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A Bright Hope in The City of Lights

The views expressed are those of the author and do not necessarily reflect the views of ASPA as an organization.

By Antonio Michel
June 1, 2018

Since its Revolution in 1789, France has become a global reference for freedom and democracy. After a succession of short-lived and diverse regimes, the Fifth Republic was established in the middle of the 20th century and received praise for advancements in citizen freedom, democratic institutions and economic growth. Nevertheless, when it comes to citizen participation, the political culture in France has been characterized by a top-down structure and a centralized approach. “Les citoyens” (citizens) have not been actively involved in decisionmaking, in part because officials believe they lack the skills, experience and information to contribute to policies. However, under the administration of Anne Hidalgo, the Mayor of Paris, a new, promising movement towards a more inclusive government and a more participatory society has begun, highlighted by a Participatory Budget initiative.

Participatory Budgeting (PB) is one tool that increasingly is being used in towns and cities around the world. It not only engages large, diverse numbers of people in deliberative, informed discussions about how to spend public money, but also gives them the power to vote on which projects should receive funding. Pioneered in Porto Alegre, Brazil in 1989, PB has proliferated around the world, and is currently spreading in the United States. As of 2017, 25 cities in the U.S. have adopted PB mechanisms, located across several states, including Arizona, California, Connecticut, Illinois, Massachusetts, Missouri, North Carolina, New Jersey, New York, Ohio, Texas and Washington (for more information, click here).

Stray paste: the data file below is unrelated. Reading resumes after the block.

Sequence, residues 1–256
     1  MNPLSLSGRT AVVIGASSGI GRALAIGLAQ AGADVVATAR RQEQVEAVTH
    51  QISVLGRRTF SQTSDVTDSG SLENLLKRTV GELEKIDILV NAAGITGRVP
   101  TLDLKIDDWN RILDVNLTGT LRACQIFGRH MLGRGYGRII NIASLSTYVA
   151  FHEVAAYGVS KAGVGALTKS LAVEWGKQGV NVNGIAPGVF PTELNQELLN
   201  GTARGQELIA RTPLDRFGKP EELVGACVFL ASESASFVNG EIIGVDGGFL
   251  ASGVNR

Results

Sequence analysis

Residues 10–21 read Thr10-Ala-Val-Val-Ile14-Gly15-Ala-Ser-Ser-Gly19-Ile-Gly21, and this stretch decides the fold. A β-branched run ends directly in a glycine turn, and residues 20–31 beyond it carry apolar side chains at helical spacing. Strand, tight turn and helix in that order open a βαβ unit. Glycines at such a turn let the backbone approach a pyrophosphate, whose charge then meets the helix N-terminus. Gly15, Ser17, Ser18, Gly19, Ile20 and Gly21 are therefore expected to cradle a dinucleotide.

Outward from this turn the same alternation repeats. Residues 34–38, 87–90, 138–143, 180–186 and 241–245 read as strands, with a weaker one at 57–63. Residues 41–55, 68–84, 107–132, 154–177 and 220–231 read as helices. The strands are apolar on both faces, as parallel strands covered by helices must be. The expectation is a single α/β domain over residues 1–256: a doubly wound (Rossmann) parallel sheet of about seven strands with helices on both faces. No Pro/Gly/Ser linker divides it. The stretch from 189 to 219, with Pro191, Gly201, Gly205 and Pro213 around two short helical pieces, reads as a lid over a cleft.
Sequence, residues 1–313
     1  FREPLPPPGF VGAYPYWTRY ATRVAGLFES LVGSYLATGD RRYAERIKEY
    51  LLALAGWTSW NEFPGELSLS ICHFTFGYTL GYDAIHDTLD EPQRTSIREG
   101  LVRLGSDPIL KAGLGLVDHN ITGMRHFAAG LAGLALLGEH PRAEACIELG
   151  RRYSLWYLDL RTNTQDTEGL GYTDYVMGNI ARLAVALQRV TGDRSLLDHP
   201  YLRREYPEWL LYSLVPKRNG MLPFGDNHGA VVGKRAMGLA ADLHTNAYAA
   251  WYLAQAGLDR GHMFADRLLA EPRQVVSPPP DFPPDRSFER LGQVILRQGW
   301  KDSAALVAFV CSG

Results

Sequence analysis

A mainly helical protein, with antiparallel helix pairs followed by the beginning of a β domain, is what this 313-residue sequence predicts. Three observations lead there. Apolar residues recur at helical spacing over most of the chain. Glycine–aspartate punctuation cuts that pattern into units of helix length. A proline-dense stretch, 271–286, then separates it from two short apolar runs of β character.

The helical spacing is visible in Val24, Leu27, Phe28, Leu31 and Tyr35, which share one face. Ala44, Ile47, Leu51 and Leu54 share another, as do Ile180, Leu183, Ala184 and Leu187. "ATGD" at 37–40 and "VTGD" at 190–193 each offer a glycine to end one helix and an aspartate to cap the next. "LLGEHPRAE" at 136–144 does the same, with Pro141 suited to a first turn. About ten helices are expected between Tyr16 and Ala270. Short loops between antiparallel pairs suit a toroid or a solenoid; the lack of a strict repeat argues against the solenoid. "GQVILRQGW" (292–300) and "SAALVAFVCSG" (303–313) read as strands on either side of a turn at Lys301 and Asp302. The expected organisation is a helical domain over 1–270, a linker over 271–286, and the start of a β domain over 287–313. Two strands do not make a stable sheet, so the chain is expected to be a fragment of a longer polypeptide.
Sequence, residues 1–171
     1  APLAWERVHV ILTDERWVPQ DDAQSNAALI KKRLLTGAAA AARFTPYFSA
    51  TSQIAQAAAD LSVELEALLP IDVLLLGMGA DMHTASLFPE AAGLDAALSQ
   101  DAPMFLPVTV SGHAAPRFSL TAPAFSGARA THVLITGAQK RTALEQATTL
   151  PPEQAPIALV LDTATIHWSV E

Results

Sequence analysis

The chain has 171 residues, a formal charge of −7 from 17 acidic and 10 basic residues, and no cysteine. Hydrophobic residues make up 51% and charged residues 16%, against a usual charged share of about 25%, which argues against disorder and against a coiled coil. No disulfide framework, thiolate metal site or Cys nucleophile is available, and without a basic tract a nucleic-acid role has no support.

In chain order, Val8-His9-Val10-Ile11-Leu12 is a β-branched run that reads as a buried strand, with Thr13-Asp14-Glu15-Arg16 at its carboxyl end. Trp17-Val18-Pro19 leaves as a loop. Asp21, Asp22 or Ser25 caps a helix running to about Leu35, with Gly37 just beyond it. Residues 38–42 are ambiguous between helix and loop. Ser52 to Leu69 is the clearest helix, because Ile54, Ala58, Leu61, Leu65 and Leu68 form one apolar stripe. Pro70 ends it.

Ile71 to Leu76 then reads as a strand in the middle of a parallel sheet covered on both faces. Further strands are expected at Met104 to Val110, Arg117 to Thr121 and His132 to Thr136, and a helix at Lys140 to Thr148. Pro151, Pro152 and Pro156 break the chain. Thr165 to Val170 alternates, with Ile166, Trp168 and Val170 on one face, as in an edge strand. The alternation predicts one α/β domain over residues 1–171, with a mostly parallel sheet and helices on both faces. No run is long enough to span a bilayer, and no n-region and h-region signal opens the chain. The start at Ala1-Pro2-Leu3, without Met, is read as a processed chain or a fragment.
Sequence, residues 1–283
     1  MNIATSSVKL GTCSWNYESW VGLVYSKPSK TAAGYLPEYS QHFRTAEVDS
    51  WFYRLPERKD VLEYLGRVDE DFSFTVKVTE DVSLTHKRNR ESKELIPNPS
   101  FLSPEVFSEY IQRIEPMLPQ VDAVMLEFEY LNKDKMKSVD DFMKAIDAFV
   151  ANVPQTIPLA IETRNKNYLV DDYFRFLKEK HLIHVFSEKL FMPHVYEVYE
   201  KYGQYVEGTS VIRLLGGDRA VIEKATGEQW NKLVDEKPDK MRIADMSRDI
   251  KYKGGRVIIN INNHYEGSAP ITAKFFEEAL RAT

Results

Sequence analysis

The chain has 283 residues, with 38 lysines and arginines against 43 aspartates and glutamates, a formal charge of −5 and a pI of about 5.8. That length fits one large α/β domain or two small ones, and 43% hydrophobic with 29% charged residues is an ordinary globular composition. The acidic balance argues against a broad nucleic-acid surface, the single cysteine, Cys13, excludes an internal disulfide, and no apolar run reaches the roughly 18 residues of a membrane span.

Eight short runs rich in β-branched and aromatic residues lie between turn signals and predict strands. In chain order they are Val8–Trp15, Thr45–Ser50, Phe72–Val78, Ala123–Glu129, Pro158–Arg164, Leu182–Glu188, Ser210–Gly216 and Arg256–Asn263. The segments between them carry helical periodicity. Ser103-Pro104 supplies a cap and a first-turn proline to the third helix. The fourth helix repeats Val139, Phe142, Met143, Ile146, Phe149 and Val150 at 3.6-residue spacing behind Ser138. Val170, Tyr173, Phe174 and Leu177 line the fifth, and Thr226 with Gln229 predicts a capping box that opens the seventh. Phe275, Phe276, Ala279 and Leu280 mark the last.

Participatory Budgeting also exists in France, but as is the case in many other places, it has struggled to take off due to the size of the communities and the lack of institutional coordination. Only 25 of 36,000 cities in France have adopted this tool, and 13 out of those have less than 20,000 inhabitants and only three have more than 100,000.

However, PB has been quite successful in Paris. Since her inauguration in 2014, Mayor Hidalgo has emphasized the importance of giving residents the opportunity to have a voice in shaping the city’s budget. What started as a pilot PB program with a small budget, now has become a large-scale project, with half a billion Euros allocated for the period of 2014-2020.

Participatory Budgeting is open to all residents of Paris, from all ages and backgrounds. Neither nationality nor residency have to be proven. Dozens to hundreds or even thousands of residents can participate in PB by submitting project proposals, voting for projects and monitoring the implementation of the winning projects.

The PB process is supervised by district-level commissions, as well as a commission at the city-level. The district-level commissions include 10 citizens who are randomly selected from the PB online Platform. The city-level commission is composed of both elected and citizen representatives. Specifically, the elected representatives include three council members and a representative of each political party elected at the Council of Paris, and the citizen representatives include eight randomly selected users on the PB website, and two youth (one from the Parisian Youth Council and one from the Students Council).